of my children will ever be birds, for they can do nothing but cry, ‘Tweet,
tweet,’ and always die of hunger in the winter.”

“Yes, you may well say that, as a clever man!” exclaimed the field-mouse, “What
is the use of his twittering, for when winter comes he must either starve or
be frozen to death. Still birds are very high bred.”

Tiny said nothing; but when the two others had turned their backs on the bird,
she stooped down and stroked aside the soft feathers which covered the head,
and kissed the closed eyelids. “Perhaps this was the one who sang to me so sweetly
in the summer,” she said; “and how much pleasure it gave me, you dear, pretty
bird.”

The mole now stopped up the hole through which the daylight shone, and then
accompanied the lady home. But during the night Tiny could not sleep; so she
got out of bed and wove a large, beautiful carpet of hay; then she carried it
to the dead bird, and spread it over him; with some down from the flowers which
she had found in the field-mouse’s room. It was as soft as wool, and she spread
some of it on each side of the bird, so that he might lie warmly in the cold
earth. “Farewell, you pretty little bird,” said she, “farewell; thank you for
your delightful singing during the summer, when all the trees were green, and
the warm sun shone upon us.” Then she laid her head on the bird’s breast, but
she was alarmed immediately, for it seemed as if something inside the bird went
“thump, thump.” It was the bird’s heart; he was not really dead, only benumbed
with the cold, and the warmth had restored him to life. In autumn, all the swallows
fly away into warm countries, but if one happens to linger, the cold seizes
it, it becomes frozen, and falls down as if dead; it remains where it fell,
and the cold snow covers it. Tiny trembled very much; she was quite frightened,
for the bird was large, a great deal larger than herself,—she was only an inch
high. But she took courage, laid the wool more thickly over the poor swallow,
and then took a leaf which she had used for her own counterpane, and laid it
over the head of the poor bird. The next morning she again stole out to see
him. He was alive but very weak; he could only open his eyes for a moment to
look at Tiny, who stood by holding a piece of decayed wood in her hand, for
she had no other lantern. “Thank you, pretty little maiden,” said the sick swallow;
“I have been so nicely warmed, that I shall soon regain my strength, and be
able to fly about again in the warm sunshine.”

“Oh,” said she, “it is cold out of doors now; it snows and freezes. Stay in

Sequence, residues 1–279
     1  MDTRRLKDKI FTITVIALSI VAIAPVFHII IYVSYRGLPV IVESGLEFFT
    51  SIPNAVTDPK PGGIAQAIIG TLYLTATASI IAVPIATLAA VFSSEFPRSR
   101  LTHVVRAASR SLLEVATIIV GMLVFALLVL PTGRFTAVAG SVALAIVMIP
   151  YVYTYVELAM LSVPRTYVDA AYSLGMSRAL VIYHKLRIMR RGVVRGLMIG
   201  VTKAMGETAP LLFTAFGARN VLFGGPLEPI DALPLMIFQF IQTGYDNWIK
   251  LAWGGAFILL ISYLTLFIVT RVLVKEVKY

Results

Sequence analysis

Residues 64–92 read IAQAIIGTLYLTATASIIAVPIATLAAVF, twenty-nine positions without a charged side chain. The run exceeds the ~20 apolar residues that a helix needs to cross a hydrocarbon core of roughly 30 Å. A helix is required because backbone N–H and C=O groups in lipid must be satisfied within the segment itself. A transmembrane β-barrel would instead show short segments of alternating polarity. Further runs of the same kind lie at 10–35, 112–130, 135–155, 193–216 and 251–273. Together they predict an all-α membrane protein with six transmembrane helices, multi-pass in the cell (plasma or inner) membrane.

your warm bed; I will take care of you.”

Then she brought the swallow some water in a flower-leaf, and after he had
drank, he told her that he had wounded one of his wings in a thorn-bush, and
could not fly as fast as the others, who were soon far away on their journey
to warm countries. Then at last he had fallen to the earth, and could remember
no more, nor how he came to be where she had found him. The whole winter the
swallow remained underground, and Tiny nursed him with care and love. Neither
the mole nor the field-mouse knew anything about it, for they did not like swallows.
Very soon the spring time came, and the sun warmed the earth. Then the swallow
bade farewell to Tiny, and she opened the hole in the ceiling which the mole
had made. The sun shone in upon them so beautifully, that the swallow asked
her if she would go with him; she could sit on his back, he said, and he would
fly away with her into the green woods. But Tiny knew it would make the field-mouse
very grieved if she left her in that manner, so she said, “No, I cannot.”

“Farewell, then, farewell, you good, pretty little maiden,” said the swallow;
and he flew out into the sunshine.

Tiny looked after him, and the tears rose in her eyes. She was very fond of
the poor swallow.

“Tweet, tweet,” sang the bird, as he flew out into the green woods, and Tiny
felt very sad. She was not allowed to go out into the warm sunshine. The corn
which had been sown in the field over the house of the field-mouse had grown
up high into the air, and formed a thick wood to Tiny, who was only an inch
in height.

“You are going to be married, Tiny,” said the field-mouse. “My neighbor has
asked for you. What good fortune for a poor child like you. Now we will prepare
your wedding clothes. They must be both woollen and linen. Nothing must be wanting
when you are the mole’s wife.”

Tiny had to turn the spindle, and the field-mouse hired four spiders, who were
to weave day and night. Every evening the mole visited her, and was continually
speaking of the time when the summer would be over. Then he would keep his wedding-day
with Tiny; but now the heat of the sun was so great that it burned the earth,
and made it quite hard, like a stone. As soon, as the summer was over, the wedding
should take place. But Tiny was not at all pleased; for she did not like the
tiresome mole. Every morning when the sun rose, and every evening when it went
down, she would creep out at the door, and as the wind blew aside the ears of
corn, so that she could see the blue sky, she thought how beautiful and bright
it seemed out there, and wished so much to see her dear swallow again. But he
never returned; for by this time he had flown far away into the lovely green
forest.

When autumn arrived, Tiny had her outfit quite ready; and the field-mouse said
to her, “In four weeks the wedding must take place.”

Then Tiny wept, and said she would not marry the disagreeable mole.

“Nonsense,” replied the field-mouse. “Now don’t be obstinate, or I shall bite
you with my white teeth. He is a very handsome mole; the queen herself does